Item Coversheet

 Item 6.

TO: Sustainability Resiliency Committee Meeting

Jimmy L. Morales, City Manager

DATE: July 11, 2018


Flavia Tonioli, Sustainability Manager and Carlos Markovich, Senior Planner
Item C4 AF - May 16, 2018 Commission Meeting
Commissioner Micky Steinberg
On May 16, 2018, the Mayor and City Commission referred a discussion to the Sustainability and Resiliency Committee (SRC) regarding potential policy for sustainably sourced wood. The item was sponsored by Commissioner Micky Steinberg.
According to the World Wildlife Fund (WWF), about 31% of our planet’s land area is covered by forests. However, The Nature Conservancy (TNC) states our forests are under threat, with over 32 million acres of natural forests around the world being logged illegally every year. Illegal logging occurs when timber is harvested, transported, processed, bought or sold in violation of national regulations. Illegal logging occurs due to the existing demand for timber, paper and derivative products.

The United States was the first country to ban on trade in illegally sourced wood products with the amendment of the Lacey Act. The Lacey Act, originally adopted in 1900 to ban trafficking in illegal wildlife, was amended in 2008 to include plants and plant products, such as timber and paper. However this policy is based on the premise that importing companies would ensure their supply chain meets the requirements of the Act, which is very difficult to verify in countries with different policies and enforcement capabilities.

In order to combat illegal logging, it is fundamental for local governments to develop and enforce public policies and incentives that encourage legal and sustainable forest management and transparent trade in forest products, across supply chains. In addition, it is essential for consumers to make responsible purchasing choices and shift demand for legal and sustainable forest products. There are few forest certification programs that validate forest management practices using a set of standards and assist the end user to identify wood that has been sustainability harvested throughout their supply chain.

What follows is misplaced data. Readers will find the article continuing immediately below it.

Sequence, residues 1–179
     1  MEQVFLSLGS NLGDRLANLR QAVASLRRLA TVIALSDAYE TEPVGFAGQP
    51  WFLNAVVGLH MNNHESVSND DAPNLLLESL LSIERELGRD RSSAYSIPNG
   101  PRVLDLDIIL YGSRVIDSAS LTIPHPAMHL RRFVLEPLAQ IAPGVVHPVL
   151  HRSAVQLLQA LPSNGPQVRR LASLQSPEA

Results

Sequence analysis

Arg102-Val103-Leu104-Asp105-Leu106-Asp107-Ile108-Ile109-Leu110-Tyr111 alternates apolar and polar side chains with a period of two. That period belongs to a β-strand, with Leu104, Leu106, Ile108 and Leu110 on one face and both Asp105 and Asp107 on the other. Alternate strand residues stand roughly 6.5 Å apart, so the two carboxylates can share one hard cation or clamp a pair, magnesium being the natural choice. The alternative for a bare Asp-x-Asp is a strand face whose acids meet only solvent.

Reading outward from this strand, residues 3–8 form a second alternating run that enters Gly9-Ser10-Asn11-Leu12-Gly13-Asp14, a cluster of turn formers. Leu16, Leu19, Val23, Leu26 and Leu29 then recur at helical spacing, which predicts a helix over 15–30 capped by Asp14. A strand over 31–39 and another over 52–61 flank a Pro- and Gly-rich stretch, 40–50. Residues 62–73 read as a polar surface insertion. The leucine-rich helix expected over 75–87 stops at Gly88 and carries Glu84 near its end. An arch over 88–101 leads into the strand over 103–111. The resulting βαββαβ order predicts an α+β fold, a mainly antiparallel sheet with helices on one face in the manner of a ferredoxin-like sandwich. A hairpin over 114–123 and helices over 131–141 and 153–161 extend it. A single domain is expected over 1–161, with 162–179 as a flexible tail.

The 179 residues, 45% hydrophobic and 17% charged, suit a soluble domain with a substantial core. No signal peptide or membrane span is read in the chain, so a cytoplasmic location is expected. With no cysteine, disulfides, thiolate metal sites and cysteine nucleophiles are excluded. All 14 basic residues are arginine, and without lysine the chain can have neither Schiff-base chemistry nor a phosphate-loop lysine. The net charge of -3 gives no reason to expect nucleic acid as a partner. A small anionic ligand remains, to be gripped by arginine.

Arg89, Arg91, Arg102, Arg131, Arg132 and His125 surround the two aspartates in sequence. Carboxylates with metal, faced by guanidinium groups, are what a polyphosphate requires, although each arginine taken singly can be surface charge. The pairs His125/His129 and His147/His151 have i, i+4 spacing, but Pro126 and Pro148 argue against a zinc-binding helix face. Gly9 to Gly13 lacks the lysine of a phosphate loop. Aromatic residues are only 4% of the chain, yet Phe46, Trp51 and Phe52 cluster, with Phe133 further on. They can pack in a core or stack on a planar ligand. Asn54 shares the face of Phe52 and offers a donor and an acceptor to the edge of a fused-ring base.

In U.S., the most recognized voluntary programs are the Forest Stewardship Council (FSC) and the Sustainable Forestry Initiative (SFI). Internationally, FSC and the Programme for the Endorsement of Forest Certification (PEFC) are the two leading voluntary sustainability standards operational in the forestry sector. These programs provide certifications on sustainable harvesting wood by auditing the supply chain, and considering if it practices fiscal responsibility, provides equity, and environmental stewardship. The average cost for certified wood tends to be 10% to 25% higher compared to the non-certified wood. According to the World Bank and WWF, every year the global market loses US$10 billion from illegal logging, with governments losing an additional $5 USD billion in revenues.

Cities and counties are becoming more aware of their potential impact on the sustainable wood harvesting supply chain, and are developing policies to encourage legal and sustainable forest management and transparent trade in forest products.